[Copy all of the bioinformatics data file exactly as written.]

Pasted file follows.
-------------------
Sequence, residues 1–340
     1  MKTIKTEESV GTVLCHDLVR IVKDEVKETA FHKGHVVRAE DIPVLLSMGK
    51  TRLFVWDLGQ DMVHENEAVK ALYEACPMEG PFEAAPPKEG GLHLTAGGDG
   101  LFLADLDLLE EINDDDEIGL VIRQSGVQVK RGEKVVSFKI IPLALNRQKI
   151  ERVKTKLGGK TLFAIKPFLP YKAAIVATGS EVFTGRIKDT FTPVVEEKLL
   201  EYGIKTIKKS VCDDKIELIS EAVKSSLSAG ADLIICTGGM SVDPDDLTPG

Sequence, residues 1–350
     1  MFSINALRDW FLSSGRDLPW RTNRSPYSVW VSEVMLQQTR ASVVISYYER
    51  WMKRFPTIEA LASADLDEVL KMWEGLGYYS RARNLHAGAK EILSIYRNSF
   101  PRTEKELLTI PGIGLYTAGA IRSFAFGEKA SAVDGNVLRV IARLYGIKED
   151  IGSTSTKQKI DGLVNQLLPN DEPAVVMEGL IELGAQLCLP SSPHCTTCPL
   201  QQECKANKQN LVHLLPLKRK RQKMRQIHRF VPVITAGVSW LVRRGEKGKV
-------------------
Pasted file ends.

Sequence, residues 1–340
     1  MKTIKTEESV GTVLCHDLVR IVKDEVKETA FHKGHVVRAE DIPVLLSMGK
    51  TRLFVWDLGQ DMVHENEAVK ALYEACPMEG PFEAAPPKEG GLHLTAGGDG
   101  LFLADLDLLE EINDDDEIGL VIRQSGVQVK RGEKVVSFKI IPLALNRQKI
   151  ERVKTKLGGK TLFAIKPFLP YKAAIVATGS EVFTGRIKDT FTPVVEEKLL
   201  EYGIKTIKKS VCDDKIELIS EAVKSSLSAG ADLIICTGGM SVDPDDLTPG

Sequence, residues 1–350
     1  MFSINALRDW FLSSGRDLPW RTNRSPYSVW VSEVMLQQTR ASVVISYYER
    51  WMKRFPTIEA LASADLDEVL KMWEGLGYYS RARNLHAGAK EILSIYRNSF
   101  PRTEKELLTI PGIGLYTAGA IRSFAFGEKA SAVDGNVLRV IARLYGIKED
   151  IGSTSTKQKI DGLVNQLLPN DEPAVVMEGL IELGAQLCLP SSPHCTTCPL
   201  QQECKANKQN LVHLLPLKRK RQKMRQIHRF VPVITAGVSW LVRRGEKGKV